Real Talk: Why You Want an Always-on Console

Take a breath, relax, and consider why an always connected console might actually be a great idea
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With all the furor and hubbub around the Xbox One’s always-on and DRM policies, the negative possibilities of a console that requires an internet connection have been pretty thoroughly canvassed. What’s been lost amongst all the internet outrage and reflexive backlash is that most of the people engaged in these conversations have reliable, high-speed internet connections, and that even during outages, with the penetration of smart phones and other devices that can act as mobile hotspots, a once-every-24-hours check-in is very unlikely to ever cripple our ability to play games.

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It’s not surprising that the potential advantages of an always-on console have been buried under the weight of such overwhelming negative response, and they have definitely been obfuscated by Microsoft’s awful messaging. So we thought we’d take a moment, let level heads prevail, and look at why you’ll want an always-on console in an increasingly connected world.

Because it Empowers Designers

A lesson MMO developers have been learning for the past decade or so is the importance of creating worlds that change and evolve according to the actions of the players inside them. One of the things that makes World of Warcraft such an enduring success is how it responds to zeitgeist and gives players control over that universe: events, holidays, response to player feedback, a thriving player-controlled economy. Ensuring developers that your platform will have access to broadband internet means that those developers can create living worlds that change on the fly and that are capable of streaming in content the moment it’s fit to release.

Worlds that live, breathe, and react to you is only the tip of the iceberg for what’s possible in games built from the ground up with an always-on connection in mind, and giving the world’s best game creators this kind of creative license is a very exciting concept. On the other hand, another generation in which developers are leashed by not being able to assume that players will have an internet connection sounds like a recipe for stagnation. Which leads to our next point:

Because Publishers and Developers Want It

The idea of a console ensuring that you’re licensed to play the games you’ve bought on it might make consumers nervous, it has the opposite effect on developers and publishers. It should come as no surprise that big publishing houses and the developers that pour years of their lives into developing games like the idea of curbing piracy, or selling more new copies and fewer used copies of their games. While gamers pretty universally agree that they want to be able to trade, sell, and buy used copies of games, if the majority of our games aren’t digital in a couple of years something will have gone seriously wrong. As Steam on PC has proven, a digital marketplace where games can be regularly discounted on the fly can actually be more attractive than the used game market for physical games is now.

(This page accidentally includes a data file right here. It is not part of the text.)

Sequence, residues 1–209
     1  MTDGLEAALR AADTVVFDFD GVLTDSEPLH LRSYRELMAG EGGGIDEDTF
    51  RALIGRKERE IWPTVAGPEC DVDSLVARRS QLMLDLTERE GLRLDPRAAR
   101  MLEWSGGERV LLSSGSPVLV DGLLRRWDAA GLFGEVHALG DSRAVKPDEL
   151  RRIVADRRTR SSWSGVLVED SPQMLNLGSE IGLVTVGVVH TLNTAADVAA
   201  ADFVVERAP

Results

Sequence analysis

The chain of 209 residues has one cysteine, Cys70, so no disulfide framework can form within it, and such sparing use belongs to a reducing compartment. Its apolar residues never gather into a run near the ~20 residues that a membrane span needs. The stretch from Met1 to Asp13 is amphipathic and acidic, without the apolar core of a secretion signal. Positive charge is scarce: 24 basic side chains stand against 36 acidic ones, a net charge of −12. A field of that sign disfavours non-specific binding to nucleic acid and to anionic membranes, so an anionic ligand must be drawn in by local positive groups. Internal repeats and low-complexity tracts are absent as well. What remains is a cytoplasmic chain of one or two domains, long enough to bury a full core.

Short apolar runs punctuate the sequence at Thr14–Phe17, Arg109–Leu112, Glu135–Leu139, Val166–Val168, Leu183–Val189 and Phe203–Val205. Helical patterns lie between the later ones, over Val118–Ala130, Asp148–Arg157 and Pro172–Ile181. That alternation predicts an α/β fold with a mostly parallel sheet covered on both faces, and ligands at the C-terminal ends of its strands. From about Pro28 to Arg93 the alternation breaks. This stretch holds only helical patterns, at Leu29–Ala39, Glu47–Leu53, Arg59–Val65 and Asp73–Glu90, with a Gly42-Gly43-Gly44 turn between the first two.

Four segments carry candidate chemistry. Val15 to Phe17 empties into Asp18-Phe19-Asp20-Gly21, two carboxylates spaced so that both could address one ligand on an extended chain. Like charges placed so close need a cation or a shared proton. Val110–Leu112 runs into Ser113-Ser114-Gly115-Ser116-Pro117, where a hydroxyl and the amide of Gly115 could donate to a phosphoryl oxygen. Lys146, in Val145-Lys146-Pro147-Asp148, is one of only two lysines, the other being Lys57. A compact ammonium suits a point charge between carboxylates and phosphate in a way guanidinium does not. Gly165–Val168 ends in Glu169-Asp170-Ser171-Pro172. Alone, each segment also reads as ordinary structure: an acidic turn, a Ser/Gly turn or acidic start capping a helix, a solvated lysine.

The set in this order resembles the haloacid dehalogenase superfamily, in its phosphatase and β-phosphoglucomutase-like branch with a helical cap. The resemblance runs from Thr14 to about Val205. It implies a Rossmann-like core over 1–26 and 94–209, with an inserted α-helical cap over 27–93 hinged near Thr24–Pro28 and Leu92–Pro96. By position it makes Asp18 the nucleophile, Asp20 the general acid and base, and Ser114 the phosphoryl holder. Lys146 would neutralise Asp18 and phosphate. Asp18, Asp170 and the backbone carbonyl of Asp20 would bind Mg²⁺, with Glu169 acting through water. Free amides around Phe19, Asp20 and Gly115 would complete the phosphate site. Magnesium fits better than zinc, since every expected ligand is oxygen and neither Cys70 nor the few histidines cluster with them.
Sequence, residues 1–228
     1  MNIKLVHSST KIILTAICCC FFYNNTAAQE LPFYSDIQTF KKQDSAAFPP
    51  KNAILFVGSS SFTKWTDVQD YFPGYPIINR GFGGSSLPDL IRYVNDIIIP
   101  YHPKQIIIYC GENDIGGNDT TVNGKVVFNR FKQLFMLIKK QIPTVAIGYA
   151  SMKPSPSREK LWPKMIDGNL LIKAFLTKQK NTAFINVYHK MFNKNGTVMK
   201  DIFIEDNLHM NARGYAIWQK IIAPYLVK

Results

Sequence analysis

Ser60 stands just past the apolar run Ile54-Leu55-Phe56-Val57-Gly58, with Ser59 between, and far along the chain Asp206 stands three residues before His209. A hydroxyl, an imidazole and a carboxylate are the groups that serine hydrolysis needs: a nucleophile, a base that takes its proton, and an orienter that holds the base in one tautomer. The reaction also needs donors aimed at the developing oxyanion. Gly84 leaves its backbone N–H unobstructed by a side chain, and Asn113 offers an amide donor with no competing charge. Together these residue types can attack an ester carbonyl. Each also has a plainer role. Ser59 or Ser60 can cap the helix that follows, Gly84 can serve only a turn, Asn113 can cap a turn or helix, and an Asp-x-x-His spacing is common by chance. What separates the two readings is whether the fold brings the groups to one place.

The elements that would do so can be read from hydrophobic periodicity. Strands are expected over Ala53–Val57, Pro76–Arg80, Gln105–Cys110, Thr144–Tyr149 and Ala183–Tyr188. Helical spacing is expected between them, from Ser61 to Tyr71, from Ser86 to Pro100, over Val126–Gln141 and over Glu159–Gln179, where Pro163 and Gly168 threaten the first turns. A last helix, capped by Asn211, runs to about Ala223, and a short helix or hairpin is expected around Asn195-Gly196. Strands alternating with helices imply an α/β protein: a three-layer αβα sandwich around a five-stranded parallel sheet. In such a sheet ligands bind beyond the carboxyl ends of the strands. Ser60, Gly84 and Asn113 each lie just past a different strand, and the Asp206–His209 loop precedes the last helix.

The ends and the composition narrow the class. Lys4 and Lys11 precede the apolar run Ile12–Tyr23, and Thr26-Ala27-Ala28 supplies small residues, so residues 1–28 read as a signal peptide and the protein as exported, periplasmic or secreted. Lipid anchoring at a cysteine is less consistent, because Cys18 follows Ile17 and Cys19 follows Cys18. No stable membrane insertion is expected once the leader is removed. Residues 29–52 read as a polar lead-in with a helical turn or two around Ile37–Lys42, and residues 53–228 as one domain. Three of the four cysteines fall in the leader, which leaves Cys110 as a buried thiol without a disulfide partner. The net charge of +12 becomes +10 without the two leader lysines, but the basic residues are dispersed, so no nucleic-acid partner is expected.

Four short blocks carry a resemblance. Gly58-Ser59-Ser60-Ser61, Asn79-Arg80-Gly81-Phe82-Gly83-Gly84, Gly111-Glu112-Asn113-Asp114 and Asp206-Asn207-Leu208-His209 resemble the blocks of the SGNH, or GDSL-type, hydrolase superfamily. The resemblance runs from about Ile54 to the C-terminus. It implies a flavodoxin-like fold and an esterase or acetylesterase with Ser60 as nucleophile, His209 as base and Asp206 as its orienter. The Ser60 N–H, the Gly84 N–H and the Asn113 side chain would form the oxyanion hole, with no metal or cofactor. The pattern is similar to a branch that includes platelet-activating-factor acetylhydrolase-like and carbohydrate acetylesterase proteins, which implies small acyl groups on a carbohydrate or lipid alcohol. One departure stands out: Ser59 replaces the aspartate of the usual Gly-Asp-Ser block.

But the critical point here is that giving developers and publishers the power to make these decisions by guaranteeing an internet connection makes developers and publishers more likely and willing to publish on your platform. While it might not be the first factor game creators consider, it does make your console more attractive when they’re considering where to launch their games, which means a bigger, better library of titles for owners of those consoles.

Because it Enables Apps and Services

Alongside access to the cloud and the streaming and storage capabilities that come with it, an always-on console means that games and applications can be built to update themselves on the fly. An always connected console can stream news, scores, and live events or exchange text or video messages, much the way our phones do now. Perhaps more importantly, the ability to guarantee an internet connection is an attractive part of a pitch for third party app and service providers.

The next generation of streaming video, audio, or social media services might not be a huge draw for gamers, but they are for a segment of mainstream consumers, and when those consumers buy into a game console it ensures that that console survives and is well-supported and regularly updated. By attracting those consumers, a platform holder can boast of a larger install base, one of the most important things game publishers look at when they’re deciding which consoles they want their games to appear on.

Because it’s Forward Looking

We were among the chorus of voices crying out in protest when the always-on rumors started to swirl, but when things had settled a bit and we took a moment to consider what it actually meant, our heart stopped racing and logic started to reassert itself. Sure, there’s a dark side to a console that needs to check-in every 24 hours, and it has been well documented. But there are also some very important pros to balance out those cons, and best of all, it shows a willingness to look forward towards, and even push us in the direction of, a more universally connected future. Knowing that the console you buy today is future proofed for the next decade is an advantage we won’t fully be able to appreciate until we see it action in the years ahead, but it’s knowledge we’re very happy to have in our pockets now.

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Alan Bradley
Getting played by video games since the '80s. Host of the Pictures Changing Podcast ( and notorious raconteur.